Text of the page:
Meaning of SUBSTITUTION in English


ˌsəbztəˈtüshən, -bst-, -tə.ˈtyü- noun

( -s )

Usage: often attributive

Etymology: Middle English substitucion, from Middle French substitution, from Late Latin substitution-, substitutio, from Latin substitutus (past participle of substituere to substitute) + -ion, -io -ion

1. : the substituting of one person or thing for another: as

a. Roman law

(1) : the nomination of someone to be heir upon the failure of an heir previously named to take an inheritance — called also common substitution, vulgar substitution

(2) : the similar nomination of a person to take as heir in place of or to succeed a descendant under puberty and in the potestas of the testator in case of the descendant's failure to take the inheritance or on his death before puberty or to succeed a descendant of any age who is a lunatic

(3) : a designation by a testator that names one to whom property is to be handed over by the person named as heir or by his heir and that gives rise to a fideicommissum ; also : a designation under civil law of a person to succeed to another as beneficiary of an estate used as a means of settling property and involving a fideicommissum

b. : the replacing of a quantity by its equal or of a variable by a value of it or of an algebraic expression or function by one that is equal in value


(1) : a chord that produces an unexpected or less likely resolution in place of a likelier resolution

(2) : a change of fingers on a digital of a keyboard instrument

d. : a chemical reaction in which one or more atoms or groups in a molecule are replaced by equivalent atoms or groups to form at least two products ; especially : the replacement of hydrogen in an organic compound by another element or group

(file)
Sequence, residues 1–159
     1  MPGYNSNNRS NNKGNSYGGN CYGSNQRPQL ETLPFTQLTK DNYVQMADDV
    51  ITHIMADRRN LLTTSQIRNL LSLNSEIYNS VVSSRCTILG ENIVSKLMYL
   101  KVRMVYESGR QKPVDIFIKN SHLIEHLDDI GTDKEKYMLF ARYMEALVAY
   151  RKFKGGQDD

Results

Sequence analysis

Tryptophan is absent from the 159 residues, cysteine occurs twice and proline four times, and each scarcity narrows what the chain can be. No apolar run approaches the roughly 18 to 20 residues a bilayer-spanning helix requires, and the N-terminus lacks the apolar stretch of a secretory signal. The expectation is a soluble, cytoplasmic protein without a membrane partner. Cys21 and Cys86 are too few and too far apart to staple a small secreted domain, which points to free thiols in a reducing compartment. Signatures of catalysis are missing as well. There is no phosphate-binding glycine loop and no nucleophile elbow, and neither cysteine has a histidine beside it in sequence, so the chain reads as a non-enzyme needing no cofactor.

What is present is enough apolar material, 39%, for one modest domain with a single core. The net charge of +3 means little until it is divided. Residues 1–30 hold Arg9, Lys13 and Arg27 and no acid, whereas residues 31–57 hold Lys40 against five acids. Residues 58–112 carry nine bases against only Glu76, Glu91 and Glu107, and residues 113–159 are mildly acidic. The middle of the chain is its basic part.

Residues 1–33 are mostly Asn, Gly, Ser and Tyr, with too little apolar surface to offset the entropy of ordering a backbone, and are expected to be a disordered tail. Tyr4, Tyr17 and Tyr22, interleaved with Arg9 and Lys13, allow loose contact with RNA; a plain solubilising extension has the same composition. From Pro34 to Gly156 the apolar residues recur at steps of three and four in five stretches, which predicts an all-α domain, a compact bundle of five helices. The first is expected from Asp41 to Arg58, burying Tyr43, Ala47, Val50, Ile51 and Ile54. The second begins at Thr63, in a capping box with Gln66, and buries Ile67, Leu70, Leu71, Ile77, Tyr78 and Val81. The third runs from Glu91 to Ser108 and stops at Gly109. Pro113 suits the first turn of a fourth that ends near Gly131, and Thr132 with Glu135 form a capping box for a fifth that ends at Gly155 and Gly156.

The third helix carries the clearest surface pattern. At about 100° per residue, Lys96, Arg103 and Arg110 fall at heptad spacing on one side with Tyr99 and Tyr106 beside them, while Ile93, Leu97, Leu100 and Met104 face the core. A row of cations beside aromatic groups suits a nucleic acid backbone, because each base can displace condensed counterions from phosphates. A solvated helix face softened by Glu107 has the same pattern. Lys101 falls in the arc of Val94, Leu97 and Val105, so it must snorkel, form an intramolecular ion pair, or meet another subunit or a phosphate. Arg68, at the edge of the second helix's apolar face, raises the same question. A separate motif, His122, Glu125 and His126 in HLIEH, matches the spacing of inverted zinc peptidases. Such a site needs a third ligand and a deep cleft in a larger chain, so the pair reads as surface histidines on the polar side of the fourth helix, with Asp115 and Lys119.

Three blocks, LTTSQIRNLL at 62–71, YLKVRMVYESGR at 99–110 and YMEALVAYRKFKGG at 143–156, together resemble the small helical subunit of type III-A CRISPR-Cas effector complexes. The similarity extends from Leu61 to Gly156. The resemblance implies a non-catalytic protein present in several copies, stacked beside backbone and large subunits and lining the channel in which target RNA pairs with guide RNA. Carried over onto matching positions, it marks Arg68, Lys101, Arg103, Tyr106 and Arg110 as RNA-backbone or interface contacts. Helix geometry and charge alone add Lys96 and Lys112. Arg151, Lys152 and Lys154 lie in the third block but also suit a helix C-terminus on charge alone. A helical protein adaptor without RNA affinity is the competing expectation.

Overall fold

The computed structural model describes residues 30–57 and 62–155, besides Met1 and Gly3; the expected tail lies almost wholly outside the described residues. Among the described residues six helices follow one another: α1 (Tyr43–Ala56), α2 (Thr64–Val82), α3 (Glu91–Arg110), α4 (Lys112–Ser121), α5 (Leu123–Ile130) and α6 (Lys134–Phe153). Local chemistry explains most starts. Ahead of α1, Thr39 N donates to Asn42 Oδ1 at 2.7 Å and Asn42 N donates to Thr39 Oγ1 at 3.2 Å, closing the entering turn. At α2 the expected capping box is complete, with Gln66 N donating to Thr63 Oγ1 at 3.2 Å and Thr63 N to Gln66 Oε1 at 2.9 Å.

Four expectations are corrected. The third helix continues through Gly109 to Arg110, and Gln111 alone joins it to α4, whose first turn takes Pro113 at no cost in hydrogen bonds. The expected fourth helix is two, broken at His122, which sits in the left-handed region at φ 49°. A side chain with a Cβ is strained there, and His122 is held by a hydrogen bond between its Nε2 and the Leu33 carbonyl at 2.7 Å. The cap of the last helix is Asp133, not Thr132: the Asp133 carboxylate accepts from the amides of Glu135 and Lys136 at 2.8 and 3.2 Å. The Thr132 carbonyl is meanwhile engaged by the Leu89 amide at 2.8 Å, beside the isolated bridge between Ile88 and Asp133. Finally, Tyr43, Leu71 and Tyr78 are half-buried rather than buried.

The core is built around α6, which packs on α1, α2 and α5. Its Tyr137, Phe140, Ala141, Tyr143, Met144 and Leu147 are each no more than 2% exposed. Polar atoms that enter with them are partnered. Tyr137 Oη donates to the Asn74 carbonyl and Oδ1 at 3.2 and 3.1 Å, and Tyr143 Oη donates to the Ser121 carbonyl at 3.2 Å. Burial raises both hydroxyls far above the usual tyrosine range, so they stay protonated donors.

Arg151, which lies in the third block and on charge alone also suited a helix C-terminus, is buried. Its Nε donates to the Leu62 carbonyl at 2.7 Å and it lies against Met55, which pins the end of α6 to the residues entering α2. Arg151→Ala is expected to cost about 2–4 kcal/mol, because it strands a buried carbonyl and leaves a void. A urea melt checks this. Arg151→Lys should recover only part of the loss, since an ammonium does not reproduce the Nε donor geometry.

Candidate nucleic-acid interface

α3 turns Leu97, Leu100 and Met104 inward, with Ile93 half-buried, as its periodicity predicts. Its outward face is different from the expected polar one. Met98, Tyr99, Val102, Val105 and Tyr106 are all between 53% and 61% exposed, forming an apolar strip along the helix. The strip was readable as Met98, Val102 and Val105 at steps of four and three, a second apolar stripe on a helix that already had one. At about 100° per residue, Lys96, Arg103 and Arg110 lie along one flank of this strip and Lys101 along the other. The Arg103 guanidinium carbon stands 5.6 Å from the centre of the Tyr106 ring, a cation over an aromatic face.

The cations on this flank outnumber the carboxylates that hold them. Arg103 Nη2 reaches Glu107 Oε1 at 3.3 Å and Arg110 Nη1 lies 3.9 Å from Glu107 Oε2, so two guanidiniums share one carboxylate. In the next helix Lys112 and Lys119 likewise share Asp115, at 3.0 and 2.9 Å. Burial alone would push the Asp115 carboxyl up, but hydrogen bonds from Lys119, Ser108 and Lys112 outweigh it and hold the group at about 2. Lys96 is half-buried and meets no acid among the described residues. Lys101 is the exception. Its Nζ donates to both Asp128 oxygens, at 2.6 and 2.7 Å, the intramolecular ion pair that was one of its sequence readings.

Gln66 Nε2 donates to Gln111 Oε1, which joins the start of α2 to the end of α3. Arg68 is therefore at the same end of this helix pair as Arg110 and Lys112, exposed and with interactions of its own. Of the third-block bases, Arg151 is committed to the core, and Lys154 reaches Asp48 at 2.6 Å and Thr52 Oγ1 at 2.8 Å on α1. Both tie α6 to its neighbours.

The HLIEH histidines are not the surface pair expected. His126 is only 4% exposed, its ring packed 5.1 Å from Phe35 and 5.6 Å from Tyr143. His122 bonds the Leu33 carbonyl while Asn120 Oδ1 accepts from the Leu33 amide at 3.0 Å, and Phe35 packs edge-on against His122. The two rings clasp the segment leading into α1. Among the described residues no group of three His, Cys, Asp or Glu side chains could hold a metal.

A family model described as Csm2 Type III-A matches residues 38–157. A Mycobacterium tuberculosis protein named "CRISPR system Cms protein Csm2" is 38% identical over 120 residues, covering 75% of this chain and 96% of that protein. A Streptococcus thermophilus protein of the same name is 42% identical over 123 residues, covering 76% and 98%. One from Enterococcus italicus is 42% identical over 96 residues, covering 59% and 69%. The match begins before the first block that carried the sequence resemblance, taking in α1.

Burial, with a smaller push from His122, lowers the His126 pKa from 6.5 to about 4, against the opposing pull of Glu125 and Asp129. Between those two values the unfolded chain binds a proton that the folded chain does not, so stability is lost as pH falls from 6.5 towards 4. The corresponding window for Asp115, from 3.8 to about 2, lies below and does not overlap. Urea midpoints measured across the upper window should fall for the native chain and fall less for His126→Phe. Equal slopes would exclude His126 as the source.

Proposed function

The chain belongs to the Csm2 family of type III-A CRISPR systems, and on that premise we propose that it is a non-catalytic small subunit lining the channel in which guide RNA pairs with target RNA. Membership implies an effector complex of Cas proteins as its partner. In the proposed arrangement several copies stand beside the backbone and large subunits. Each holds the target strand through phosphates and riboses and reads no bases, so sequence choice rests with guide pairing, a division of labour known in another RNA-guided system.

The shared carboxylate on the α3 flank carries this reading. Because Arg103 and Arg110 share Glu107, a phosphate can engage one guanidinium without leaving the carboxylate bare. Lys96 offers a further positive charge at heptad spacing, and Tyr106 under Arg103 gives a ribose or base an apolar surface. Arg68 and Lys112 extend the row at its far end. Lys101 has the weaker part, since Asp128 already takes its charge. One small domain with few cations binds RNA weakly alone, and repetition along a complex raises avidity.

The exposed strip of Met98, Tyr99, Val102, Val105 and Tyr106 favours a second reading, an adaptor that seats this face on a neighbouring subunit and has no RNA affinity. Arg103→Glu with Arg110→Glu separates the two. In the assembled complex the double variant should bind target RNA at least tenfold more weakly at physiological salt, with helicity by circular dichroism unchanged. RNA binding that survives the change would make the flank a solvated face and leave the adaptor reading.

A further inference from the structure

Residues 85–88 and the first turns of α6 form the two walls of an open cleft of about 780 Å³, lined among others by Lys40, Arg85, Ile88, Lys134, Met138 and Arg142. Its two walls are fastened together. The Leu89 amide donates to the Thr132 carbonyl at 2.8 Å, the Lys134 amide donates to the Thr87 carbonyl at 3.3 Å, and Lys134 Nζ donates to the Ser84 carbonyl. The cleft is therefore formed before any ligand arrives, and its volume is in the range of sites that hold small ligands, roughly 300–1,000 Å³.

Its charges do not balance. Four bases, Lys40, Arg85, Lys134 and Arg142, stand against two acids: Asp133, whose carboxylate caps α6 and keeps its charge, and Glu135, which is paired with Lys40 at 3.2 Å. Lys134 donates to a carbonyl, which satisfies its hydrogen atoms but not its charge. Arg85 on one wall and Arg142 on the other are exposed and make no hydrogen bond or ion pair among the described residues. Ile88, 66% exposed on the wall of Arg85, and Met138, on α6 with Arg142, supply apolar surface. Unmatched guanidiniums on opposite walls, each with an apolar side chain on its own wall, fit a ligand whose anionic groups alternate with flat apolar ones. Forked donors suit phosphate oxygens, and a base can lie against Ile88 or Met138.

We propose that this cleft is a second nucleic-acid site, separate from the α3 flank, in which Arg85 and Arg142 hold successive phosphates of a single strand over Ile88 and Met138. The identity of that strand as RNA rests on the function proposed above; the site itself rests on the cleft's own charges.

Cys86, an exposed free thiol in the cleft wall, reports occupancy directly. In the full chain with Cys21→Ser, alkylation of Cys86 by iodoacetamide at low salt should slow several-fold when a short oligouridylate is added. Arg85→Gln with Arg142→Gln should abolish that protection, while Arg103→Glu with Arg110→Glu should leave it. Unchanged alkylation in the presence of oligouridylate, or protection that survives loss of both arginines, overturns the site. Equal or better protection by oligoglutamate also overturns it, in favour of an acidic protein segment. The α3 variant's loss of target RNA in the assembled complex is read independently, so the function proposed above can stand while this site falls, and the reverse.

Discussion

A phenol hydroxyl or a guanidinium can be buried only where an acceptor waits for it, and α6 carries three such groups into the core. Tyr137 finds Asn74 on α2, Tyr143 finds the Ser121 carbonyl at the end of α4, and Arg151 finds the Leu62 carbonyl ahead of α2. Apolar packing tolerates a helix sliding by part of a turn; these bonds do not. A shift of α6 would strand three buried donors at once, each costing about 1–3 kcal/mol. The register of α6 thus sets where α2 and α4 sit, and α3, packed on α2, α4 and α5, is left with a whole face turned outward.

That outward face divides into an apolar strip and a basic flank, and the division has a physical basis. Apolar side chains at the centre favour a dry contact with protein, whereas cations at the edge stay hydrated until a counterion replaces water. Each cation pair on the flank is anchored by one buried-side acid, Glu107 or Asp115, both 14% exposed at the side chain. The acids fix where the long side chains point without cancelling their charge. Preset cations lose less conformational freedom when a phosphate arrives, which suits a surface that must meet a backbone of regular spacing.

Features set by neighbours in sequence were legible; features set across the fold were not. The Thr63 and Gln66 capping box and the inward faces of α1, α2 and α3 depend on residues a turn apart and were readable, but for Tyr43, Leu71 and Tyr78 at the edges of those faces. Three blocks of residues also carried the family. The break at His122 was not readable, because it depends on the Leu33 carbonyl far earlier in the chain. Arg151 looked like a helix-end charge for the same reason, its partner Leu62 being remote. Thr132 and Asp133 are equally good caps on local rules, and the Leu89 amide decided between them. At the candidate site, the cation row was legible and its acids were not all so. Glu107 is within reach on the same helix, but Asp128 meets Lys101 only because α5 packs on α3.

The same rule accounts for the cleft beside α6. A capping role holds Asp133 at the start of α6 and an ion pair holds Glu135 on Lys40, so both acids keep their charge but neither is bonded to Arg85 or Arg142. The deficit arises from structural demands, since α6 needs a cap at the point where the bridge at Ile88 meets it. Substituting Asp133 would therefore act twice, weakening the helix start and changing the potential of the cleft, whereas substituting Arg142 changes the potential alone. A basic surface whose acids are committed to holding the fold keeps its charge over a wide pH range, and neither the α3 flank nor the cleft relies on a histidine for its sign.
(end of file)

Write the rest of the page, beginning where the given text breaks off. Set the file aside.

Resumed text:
the substitution of one chlorine atom for one hydrogen atom of methane gives methyl chloride

— often contrasted with addition ; compare exchange 2e

e. : the replacing of a linguistic form by a substitute in a context


(1) : the replacing in Greek or Latin prosody of a foot required or expected at a given place in a given meter by another which is equivalent in temporal quantity

(2) : the using in a metrical series in modern prosody of a foot other than the prevailing foot of the series or of a silence that replaces expected sound and occupies the time of a foot or syllable — compare inversion , ionic displacement


(1) : the deceptive replacing of one material or product by another of less worth

(2) : the natural economic tendency for the less costly of two or more operations or agencies to replace the more costly


(1) : the turning from an obstructed desire to another desire whose gratification is socially acceptable

(2) : the turning from an obstructed form of behavior to a different and often more primitive expression of the same tendency

a substitution neurosis

(3) : the reacting to each of a set of stimuli by a response prescribed in a key

a substitution test for speed of learning new responses

2. : something that functions as a substitute or exists in a particular relation as a result of an act of substituting: as

a. : material substituted

the substitution was found to be harmless

b. : a sound change consisting in the replacement or apparent replacement of one vowel or consonant by another

c. : an instance of linguistic substitution

d. : a cipher or method of ciphering that replaces message letters or polygraphs with substitutes

Webster's New International English Dictionary.      Новый международный словарь английского языка Webster.